2. I’d wager that these kinds of projects are exactly what maintains the status quo, but I don’t want to “close doors”, so I’m willing to engage in democratic norms: I ask IPCRI to try and follow up on their participants’ activities and provide some statistics: How many of the privileged participants, “Women [50?] and men, previously indifferent and uninvolved, [actually] become involved, join civil society, maintain cross-border relations, initiate joint activism, protest, show solidarity and fight for ending the occupation and for change”?

How’s my sales pitch? Not convinced? Still thinking about how tragic it would be to cease this humanitarian intervention of great social and political import? Allow me another crack at it:

3. As far as BDS goes, you don’t have to cease anything, just adjust in a way that doesn’t promote normalization. In other words: Normalize dissent. For example, while liberating women, please do not put me back in the kitchen. But if you’ve already cocked up, try addressing cultural theft, by not avoiding the subject of stolen culture (yes, we’re talking Hummus).

OK, my tone may have been a bit snide here, but in fact, it’s no different than Goldenblatt’s own words:

The Israeli “Peace Industry” must indeed look inside itself, transform, evolve, re-calibrate and even repent. We have been too comfortable in our positions. We have been perhaps too lazy and complacent. We have our “co-existence” friends and perhaps some of us lost sight of the fact that change on the ground has not been achieved. We are living rather comfortably, while Palestinians continue living under the occupation, while racist policies are maintained and even strengthened within Israel. There is a fair and long overdue demand for reform.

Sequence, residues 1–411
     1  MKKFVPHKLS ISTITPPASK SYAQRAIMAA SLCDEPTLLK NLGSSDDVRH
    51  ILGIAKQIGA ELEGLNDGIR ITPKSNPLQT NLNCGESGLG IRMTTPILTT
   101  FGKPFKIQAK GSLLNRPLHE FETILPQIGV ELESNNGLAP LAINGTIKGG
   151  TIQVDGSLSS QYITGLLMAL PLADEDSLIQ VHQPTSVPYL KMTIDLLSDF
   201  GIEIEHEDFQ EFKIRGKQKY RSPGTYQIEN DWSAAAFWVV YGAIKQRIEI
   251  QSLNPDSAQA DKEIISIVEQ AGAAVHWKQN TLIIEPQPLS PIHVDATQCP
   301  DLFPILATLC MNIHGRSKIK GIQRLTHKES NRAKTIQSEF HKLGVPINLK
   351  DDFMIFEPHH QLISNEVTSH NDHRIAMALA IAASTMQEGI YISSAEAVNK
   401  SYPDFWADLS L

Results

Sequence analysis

“The Ten Commandments of BDS”

Gotta love the Jewish-centered humor in a piece about building bridges between the colonial population, deriving its privilege from it’s religion, and the indigenous population who are not part of the religion. But I digress, because Goldenblatt’s statement about the “ten commandments of BDS” wasn’t about Jews, it was about the “cultish” and “anti-democratic” nature of the “anti-normalization movement”. You see, mid the-above-paragraph, after declaring that “IPCRI intends to lead by example”, Goldenblatt goes back to bashing the divisive, non-democratic “anti-normalization movement” (straw man emboldened by me):

However, we, Palestinian and Israeli activists, should be allowed to disagree and voice our disagreements, or try to influence policies and activities we think are counter-productive.  That being said, closing the door is not reform; it is cutting one another off. No one who wants to see a just and honorable resolution of the conflict should agree to that.

What’s wonderful is that we can both voice our disagreements as to what “just and honorable” means. Oh no, wait! I can’t! It’s illegal for me to voice “criticism of how we at IPCRI try to advance this goal”. I guess the (three… just three) commandments of BDS aren’t that commanding. In fact, one might say that they’re at a slight disadvantage against a whole web of state-regulated and state-funded counter-operations.

So while “Giving up on each other” is in fact “too terrible a reality to contemplate”, Palestinians don’t have the privilege of not contemplating it. And though I’m guilty of speculating as much as the next Ashkenazi woman on the privileged side of the apartheid, I doubt Palestinians imagine that IPCRI’s joint cooking expeditions will liberate them, or even merely stop the state of Israel from claiming Hummus as its national cuisine. Indeed “no one possesses all the truth and wisdom”, but the oppressor can always act as if he does, and he can always fake good intention and humility while he does it.

1 thought on “White Man’s Burden: Because Normalization is Hard to Do”

  1. Thanks to Tali Shapiro for this razor sharp.
    So true:
    “Balance between the burden of occupier and occupied is a major no-no. It does nothing for the liberation of the oppressed, since they don’t have the privilege to “fail to acknowledge” the barrel of the gun in their face. It will, however, make the participating oppressors feel real swell about their open-mindedness…”